You can now execute the script by right-clicking and run with PowerShell, or by launching it from within the shell by navigating to it’s directory and typing it’s name.

Now lets look at our interest areas:

  1. Sequence
  2. Command usage
  3. Output usage
  4. Conditional logic

Sequence:

Sequence inside PowerShell is as expected.  It’s all run inline, and requires everything called to be defined before it’s call.  Looking at the above code you will see that we call Set-RemoteService two times, and we’ve defined it at the beginning of the script.  In VBScript, or in Command, calling a sub, function, or a GOTO statement will find the appropriate section and run that code.  So being aware of how your scripts process instructions is very important to their functionality.

Now for something new, arguments.  Arguments are, more or less, are user defined variables.  They are dynamic, and as such, need to be controlled to some degree.  So a fair amount of the script sequence is spent insuring that the variables passed are useable.  With PowerShell you are capable of defining the variable type.  This gives you incredible control and removes one more potential for unforeseen errors.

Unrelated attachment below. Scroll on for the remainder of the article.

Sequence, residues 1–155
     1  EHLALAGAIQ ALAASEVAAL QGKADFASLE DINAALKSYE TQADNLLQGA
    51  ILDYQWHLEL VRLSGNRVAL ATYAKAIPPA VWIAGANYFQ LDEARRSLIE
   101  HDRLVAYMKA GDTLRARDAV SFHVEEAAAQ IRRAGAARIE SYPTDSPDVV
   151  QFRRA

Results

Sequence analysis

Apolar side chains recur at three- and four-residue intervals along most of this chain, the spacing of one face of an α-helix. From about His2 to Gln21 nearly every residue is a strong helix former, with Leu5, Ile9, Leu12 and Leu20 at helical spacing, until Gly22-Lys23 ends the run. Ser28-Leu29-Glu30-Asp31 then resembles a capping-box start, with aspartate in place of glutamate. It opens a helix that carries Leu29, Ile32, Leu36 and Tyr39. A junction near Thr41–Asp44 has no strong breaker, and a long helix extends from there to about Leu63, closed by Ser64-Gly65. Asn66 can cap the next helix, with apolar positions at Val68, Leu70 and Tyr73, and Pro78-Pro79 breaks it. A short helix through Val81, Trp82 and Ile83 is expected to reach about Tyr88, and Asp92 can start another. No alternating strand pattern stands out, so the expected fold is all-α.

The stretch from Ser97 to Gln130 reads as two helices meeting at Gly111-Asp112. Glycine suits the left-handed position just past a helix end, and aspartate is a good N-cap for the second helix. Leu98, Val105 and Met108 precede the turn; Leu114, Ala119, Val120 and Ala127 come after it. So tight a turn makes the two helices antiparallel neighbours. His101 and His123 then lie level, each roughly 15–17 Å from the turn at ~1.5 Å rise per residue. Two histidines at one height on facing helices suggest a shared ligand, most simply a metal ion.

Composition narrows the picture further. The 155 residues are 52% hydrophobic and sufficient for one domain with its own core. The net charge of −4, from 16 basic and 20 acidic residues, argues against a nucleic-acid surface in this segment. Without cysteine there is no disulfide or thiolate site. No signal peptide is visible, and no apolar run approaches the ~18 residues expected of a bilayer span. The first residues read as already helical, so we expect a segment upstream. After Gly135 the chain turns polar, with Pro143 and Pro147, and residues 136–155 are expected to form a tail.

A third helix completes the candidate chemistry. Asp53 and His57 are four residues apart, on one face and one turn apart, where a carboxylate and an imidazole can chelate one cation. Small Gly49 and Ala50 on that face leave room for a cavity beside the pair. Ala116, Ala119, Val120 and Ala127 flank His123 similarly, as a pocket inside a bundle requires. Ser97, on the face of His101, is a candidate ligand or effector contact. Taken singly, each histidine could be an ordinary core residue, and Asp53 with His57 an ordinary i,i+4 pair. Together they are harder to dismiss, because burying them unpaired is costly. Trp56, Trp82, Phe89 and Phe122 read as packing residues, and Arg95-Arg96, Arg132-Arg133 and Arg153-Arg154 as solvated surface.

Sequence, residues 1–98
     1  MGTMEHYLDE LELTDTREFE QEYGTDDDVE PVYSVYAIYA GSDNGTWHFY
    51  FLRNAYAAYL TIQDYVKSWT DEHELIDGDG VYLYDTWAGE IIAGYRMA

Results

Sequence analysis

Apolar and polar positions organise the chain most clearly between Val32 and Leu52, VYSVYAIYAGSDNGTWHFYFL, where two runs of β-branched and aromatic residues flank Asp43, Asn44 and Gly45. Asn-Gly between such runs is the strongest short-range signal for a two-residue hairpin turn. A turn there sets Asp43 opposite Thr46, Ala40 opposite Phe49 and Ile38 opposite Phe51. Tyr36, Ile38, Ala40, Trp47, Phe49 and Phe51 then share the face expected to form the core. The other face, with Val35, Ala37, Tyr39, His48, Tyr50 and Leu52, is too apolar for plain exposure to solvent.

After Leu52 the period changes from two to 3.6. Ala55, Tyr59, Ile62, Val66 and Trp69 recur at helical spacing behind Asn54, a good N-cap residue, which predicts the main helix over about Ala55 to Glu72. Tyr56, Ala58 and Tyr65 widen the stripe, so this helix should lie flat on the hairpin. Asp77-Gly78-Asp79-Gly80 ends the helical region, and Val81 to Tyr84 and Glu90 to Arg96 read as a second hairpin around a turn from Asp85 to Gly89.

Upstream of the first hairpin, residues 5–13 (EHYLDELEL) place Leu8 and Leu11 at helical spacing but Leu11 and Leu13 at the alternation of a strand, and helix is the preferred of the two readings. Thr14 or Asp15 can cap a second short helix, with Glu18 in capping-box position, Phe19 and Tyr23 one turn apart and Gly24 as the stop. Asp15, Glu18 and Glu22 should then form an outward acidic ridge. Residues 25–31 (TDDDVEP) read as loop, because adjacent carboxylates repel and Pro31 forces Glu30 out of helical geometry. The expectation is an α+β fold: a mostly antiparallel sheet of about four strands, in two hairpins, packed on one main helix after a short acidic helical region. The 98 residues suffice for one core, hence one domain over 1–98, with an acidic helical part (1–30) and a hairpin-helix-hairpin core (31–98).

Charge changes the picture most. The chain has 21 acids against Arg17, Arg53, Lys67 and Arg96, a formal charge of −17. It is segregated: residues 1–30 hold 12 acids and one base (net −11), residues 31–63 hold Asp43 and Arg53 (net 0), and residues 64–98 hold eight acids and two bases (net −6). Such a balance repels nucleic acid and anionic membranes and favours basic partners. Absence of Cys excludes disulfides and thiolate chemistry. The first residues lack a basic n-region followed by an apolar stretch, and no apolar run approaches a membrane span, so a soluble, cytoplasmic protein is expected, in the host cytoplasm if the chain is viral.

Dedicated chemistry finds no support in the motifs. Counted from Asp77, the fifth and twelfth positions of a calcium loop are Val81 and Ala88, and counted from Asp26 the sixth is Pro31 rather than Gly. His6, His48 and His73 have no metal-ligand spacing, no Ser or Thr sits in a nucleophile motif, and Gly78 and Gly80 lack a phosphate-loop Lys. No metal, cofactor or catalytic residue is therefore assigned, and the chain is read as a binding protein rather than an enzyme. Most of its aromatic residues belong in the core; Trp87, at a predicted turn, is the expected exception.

PARAM([string]$STATE,[string]$SERVICE,[string]$TARGET)

As you can see, with the PARAM statement we are opening 3 variables for input.  They are $STATE, $SERVICE, $TARGET.  We are also insuring whatever is entered is a string value.  So that leaves us with 2 issues.  The user needs to enter something, and it needs to be useable.  We will discuss this more in our conditional logic.

Command usage:

As we discussed at the beginning, PowerShell uses cmd-lets for the majority of it’s work.  It also allows you to call WMI and .NET methods and functions.  So similarly to to VBScript we can instantiate them for additional functionality.  The possibilities are plain astounding, and well beyond scope for this blog post.